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Dragon Age: Origins (Xbox 360) artwork

Dragon Age: Origins (Xbox 360) review

"Dragon Age: Origins is grand in every sense of the word. The land of Ferelden and its associated legends and lore create a strong, if slightly predictable, high-fantasy setting that will quite easily consume in excess of forty-hours. As the land prepares for an imminent blight – an invasion of twisted creatures known as darkspawn – your character is recruited into the legendary order of the Grey Wardens, warriors from all walks of life who have came to the world’s aid in blights past. "

Dragon Age: Origins is grand in every sense of the word. The land of Ferelden and its associated legends and lore create a strong, if slightly predictable, high-fantasy setting that will quite easily consume in excess of forty-hours. As the land prepares for an imminent blight – an invasion of twisted creatures known as darkspawn – your character is recruited into the legendary order of the Grey Wardens, warriors from all walks of life who have came to the world’s aid in blights past.

Depending on the race and class you decide to be, you’ll embark on one of the six origins stories; these are relatively short sequences that allow you to familiarise yourself with the basics and get a sense of the issues that plague Ferelden. The City Elf origin illustrates the discrimination that the elves are subjected to, and you’ll see first-hand in the Dwarven Noble origin how political scheming and underhand tactics are common play in their culture. Far from the gimmicky tutorial that it could have been, your origin paints the picture for the rest of your experience. For example, playing an elf will result in more snarky and underhand comments from humans, but you’ll receive a warmer welcome by the clan of Dalish elves (a wild tribe that refuse to bow to human oppression) than a human or dwarf would. The other great thing is the continuity across origins (which you’ll only start to notice at the tail-end of the game or during a second run): if you choose the Dwarf Commoner origin, the other origins still ‘happen’ with different outcomes than if you would have choose them.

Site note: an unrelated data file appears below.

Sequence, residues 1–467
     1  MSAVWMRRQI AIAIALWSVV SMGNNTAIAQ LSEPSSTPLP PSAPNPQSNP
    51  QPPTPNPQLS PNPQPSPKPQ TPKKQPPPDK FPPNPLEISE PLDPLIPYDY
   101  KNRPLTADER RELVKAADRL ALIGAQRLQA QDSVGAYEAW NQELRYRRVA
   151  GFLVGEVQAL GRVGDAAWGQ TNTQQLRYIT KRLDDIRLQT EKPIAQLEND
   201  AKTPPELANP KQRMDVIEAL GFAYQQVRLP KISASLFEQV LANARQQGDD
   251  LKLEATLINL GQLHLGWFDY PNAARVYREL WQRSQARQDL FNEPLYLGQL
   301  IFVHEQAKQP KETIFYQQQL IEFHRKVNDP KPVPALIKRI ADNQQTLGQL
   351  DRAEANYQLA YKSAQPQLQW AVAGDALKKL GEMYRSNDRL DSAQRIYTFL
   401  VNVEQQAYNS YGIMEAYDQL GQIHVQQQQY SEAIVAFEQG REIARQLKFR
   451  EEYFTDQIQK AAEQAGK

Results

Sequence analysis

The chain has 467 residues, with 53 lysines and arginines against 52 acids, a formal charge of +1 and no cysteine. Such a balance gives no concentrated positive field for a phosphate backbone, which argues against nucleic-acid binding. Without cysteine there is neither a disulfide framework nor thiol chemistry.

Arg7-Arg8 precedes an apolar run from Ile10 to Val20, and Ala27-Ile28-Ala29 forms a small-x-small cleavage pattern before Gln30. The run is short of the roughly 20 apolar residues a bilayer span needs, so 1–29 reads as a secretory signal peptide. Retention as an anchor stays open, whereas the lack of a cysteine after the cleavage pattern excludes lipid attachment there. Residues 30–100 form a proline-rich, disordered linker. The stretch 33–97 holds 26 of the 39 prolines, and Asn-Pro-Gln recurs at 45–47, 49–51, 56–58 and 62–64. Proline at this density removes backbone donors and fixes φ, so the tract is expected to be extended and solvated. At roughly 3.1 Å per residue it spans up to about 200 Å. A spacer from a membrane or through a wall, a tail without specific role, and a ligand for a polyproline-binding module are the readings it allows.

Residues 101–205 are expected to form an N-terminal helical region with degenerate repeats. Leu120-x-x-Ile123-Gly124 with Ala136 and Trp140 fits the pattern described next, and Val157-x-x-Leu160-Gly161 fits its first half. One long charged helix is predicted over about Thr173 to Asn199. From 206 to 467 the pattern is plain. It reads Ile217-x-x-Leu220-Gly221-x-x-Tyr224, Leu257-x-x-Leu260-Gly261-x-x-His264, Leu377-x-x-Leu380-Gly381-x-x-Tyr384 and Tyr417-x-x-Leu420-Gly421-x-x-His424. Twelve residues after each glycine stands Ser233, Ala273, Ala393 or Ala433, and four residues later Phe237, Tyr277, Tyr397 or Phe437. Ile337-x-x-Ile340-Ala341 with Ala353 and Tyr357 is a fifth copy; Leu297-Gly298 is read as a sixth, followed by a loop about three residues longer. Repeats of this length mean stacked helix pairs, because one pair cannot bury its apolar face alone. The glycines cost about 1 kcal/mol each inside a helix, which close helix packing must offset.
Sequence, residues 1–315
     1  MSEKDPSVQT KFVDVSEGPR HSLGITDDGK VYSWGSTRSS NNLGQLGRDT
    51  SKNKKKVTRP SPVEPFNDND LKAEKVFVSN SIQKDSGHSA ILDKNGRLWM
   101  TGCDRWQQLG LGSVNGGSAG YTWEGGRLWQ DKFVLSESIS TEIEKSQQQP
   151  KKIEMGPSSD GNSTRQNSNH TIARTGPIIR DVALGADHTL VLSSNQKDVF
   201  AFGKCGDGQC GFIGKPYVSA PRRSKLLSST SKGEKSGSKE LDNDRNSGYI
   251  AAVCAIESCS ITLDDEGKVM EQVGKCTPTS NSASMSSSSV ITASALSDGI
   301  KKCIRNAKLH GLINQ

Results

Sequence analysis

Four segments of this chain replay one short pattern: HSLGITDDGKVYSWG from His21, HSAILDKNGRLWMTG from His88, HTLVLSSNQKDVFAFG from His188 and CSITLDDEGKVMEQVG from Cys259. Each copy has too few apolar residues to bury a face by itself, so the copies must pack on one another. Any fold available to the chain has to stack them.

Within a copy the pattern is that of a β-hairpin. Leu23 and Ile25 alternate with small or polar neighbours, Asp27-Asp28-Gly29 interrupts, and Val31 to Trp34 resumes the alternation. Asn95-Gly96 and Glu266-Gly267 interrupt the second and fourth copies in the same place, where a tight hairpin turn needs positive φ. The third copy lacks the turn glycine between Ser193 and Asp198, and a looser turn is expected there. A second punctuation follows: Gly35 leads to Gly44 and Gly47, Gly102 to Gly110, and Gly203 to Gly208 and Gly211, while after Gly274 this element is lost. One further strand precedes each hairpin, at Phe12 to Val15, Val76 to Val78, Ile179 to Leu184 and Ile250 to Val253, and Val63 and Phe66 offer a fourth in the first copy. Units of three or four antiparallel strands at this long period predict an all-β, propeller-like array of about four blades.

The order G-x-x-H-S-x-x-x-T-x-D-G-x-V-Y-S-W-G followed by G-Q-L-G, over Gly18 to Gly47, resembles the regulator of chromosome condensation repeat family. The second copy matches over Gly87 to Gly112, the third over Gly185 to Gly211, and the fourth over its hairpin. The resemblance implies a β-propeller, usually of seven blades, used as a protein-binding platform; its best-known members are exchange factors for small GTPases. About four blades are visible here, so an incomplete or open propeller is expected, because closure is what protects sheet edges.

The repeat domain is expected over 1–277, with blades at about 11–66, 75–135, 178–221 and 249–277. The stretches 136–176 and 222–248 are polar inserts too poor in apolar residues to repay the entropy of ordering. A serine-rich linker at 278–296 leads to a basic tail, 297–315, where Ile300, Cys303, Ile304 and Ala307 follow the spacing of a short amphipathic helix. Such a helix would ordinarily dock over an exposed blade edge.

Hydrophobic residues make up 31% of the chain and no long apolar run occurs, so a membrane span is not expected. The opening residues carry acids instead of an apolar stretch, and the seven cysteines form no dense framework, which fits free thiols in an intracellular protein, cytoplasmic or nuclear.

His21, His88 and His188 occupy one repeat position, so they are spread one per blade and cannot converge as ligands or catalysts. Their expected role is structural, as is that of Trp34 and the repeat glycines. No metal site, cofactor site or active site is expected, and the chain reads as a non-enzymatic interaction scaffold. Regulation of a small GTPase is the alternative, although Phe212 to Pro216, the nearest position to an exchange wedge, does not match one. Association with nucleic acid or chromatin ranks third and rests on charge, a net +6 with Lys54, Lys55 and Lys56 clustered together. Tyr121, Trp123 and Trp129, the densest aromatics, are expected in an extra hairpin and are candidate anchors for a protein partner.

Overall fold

The events in your origin and throughout the wider game are portrayed through fully-voiced conversations and cut-scenes, which do a great deal to help immerse yourself in the world. It achieves this in a number of ways, mainly through interactions with your party. Rather than a good/evil bar, each companion has an approval meter which is affected by their perception of your actions. Alistair, the witty templar, looks favourably on you helping out the poor and victimised. But the social pariah that is the mage Morrigan would interpret such acts as a sign of weakness and a waste of time. Characters can actually leave the party if they disagree with the player on certain things, but these events are telegraphed so you’ll be able to see them a mile off.

And that’s the main problem with your companions: the interactions are great but the system is too easy to cheat. You can give gifts to win back approval if you’ve upset someone, which contributes to the feeling that there is no real sense of consequence. You can’t keep everyone pleased, but you can keep them in a state of acceptance without any real problems. The only incentives you have to retain high approval are mild stat bonuses and romance plotlines, which by the way aren’t handled too well. The culmination of these ‘maturely presented’ relationships is an awkward and unconvincing love scene; for the record, both parties are clothed in the appropriate areas and are seen together in suggestive positions, complete with generic and corny music playing over the top. ‘Mature presentation’, as described by developers BioWare, presumably means to convey the love between the two characters: awkward visuals and cheesy music doesn’t achieve that, and it does leave the feeling that it’s a token ‘sex’ scene to stir up a bit of interest.

Unfortunately, the poor visuals that failed to portray said emotions in the romance plotlines are present throughout. This isn’t an ugly game by any stretch of the imagination, but textures are low-res and facial expressions convey little expression. Higher-quality visuals would have really given Dragon Age a boost to the sense of immersion that it’s already established. Recent titles far exceed it in terms of prettiness, and even Oblivion released in 2006 trumps it.